Ryan’s ‘deconstruction’ is a great illustration of how shallow he is. Nobody’s ever argued that the government owns Paul’s wealth, that’s moronic. The argument is that the government provided a great many of the tools Paul used to create his wealth. Those tools take resources to produce and provide, and they don’t belong to Paul. They belong to us all.
If I borrow your lawn mower and mow the neighbor’s lawns at 20 bucks a pop, that may be a good idea. But I, being a reasonable person, would also throw a few bucks back at you for use of the mower. It’s not going to last forever — I haven’t done it any favors. Paul The User says “Screw that practice.” His Randian philosophy says it was brilliant of him to borrow your things, and that’s why he’s keeping every cent. The “Money and wealth made” is all his, regardless of the way he made it.
But you may say, “If the mower’s owner didn’t ask for anything, then that’s tough — forget him.” Fine. You want to talk strictly in terms of agreements? No problem: When you use the commonly owned tools, you enter into Warren’s social contract. You want to start a business by hiring publicly educated employees? You and the government are now partners. Simple enough? We have a meeting of the minds, a quid pro quo. Get ready to pay your taxes.
“No one is suggesting that we don’t need good schools and roads and infrastructure as a basis for a free society and a free enterprise system. But the notion that the nucleus of society is the government and not the individual, the family, the entrepreneur, is to me just completely, inherently backwards.”
More Ryan nonsense. The society is organized around the individual, and that’s fine. But its potential is enormously extended by avoiding anarchy and socializing common activities. Like making money. Paul Ryan wants all the tools and security of a collective but still wishes to extract every ounce and penny out of his efforts without regard to contracts he made with his neighbors. As if he lived first in a civilized place and then in a giant riot. He refuses to see the massive efforts of the people and the government, the centuries of work, that preceded him making his first buck. He is, in two words, a narcissist.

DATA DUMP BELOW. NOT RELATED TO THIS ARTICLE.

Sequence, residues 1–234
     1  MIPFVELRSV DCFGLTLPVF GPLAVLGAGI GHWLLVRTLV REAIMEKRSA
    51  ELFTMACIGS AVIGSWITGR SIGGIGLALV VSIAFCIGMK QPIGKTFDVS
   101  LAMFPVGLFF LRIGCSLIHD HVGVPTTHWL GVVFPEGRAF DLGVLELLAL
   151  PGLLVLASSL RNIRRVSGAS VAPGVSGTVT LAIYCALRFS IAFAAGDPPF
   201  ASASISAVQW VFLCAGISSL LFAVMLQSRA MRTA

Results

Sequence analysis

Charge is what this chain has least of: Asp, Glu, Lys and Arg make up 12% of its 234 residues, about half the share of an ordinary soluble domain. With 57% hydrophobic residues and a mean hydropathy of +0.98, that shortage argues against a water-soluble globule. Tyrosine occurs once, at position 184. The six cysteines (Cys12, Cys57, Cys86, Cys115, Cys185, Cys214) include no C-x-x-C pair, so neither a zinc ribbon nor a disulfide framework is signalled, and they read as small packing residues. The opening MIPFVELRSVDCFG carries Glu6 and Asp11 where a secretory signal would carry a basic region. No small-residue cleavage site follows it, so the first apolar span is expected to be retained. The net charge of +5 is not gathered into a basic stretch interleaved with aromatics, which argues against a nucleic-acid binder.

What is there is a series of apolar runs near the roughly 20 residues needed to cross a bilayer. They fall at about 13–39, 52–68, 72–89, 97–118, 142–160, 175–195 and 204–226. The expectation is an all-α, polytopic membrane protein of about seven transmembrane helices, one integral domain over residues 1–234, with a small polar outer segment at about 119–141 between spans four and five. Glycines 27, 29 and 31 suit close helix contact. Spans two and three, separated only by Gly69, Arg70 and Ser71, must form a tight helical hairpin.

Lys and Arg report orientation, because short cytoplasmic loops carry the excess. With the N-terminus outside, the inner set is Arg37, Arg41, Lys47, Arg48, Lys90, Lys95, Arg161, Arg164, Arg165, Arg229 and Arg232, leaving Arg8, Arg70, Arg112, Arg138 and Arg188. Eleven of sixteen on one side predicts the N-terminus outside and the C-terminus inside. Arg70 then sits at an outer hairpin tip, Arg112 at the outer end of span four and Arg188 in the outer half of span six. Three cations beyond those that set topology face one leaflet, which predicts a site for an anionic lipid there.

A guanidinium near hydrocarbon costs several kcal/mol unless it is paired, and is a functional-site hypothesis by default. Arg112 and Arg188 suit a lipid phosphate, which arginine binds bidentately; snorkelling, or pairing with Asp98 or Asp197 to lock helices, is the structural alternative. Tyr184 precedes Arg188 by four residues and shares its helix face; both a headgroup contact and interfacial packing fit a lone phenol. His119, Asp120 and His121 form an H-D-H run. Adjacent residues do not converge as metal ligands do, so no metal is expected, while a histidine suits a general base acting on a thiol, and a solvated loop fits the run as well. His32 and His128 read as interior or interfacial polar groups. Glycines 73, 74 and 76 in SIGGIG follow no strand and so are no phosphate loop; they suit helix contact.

A Tuesday report by the Congressional Budget Office suggests that under conservative policies, wealthy are paying less and getting more while everybody else has stagnated . .
“Let’s not focus on redistribution, let’s focus on upward mobility,” he said. “If these studies are used as justification for erecting new and more barriers for making it harder for people to rise, all that will do is reduce our prosperity in this country.”
See what I mean? Totally self-deluded, clueless. Income taxes, even on middle-income families, are at a 50-year low. But one out of seven Americans qualifies for food stamps, more than 20% of our children live in poverty, 2.5 million more of them slipped into poverty in the last decade. Real wages for working Americans have shrunk over the same period, 74% of us think the nation has “gotten off on the wrong track,” and the august body Paul Ryan represents, Congress, is getting a record-low 9% approval rating. You can see why Conservatives love this guy. You show him a barrio graveyard, he sees Tutankhamen’s tomb. The way the riches stretch out in every direction, it hurts my eyes. Last:
“We’re coming close to a tipping point in America where we might have a net majority of takers versus makers in society and that could become very dangerous if it sets in as a permanent condition . . into a hammock that ends up lulling people into lives of dependency and complacency which drains them of their incentive and the will to make the most of their lives.”
And that’s when Paul worries for America. Not when the rich have decimated us with their narrow-minded, self-serving policies over the last 30 years. Not when they’ve recently triumphed in tweaking the economic commons in such an over-wrought and disastrously fanciful way as to shatter it to pieces, running the country aground. It’s when you people have taken too much. You’re probably on unemployment, taking even more as we speak. Look what you’ve done.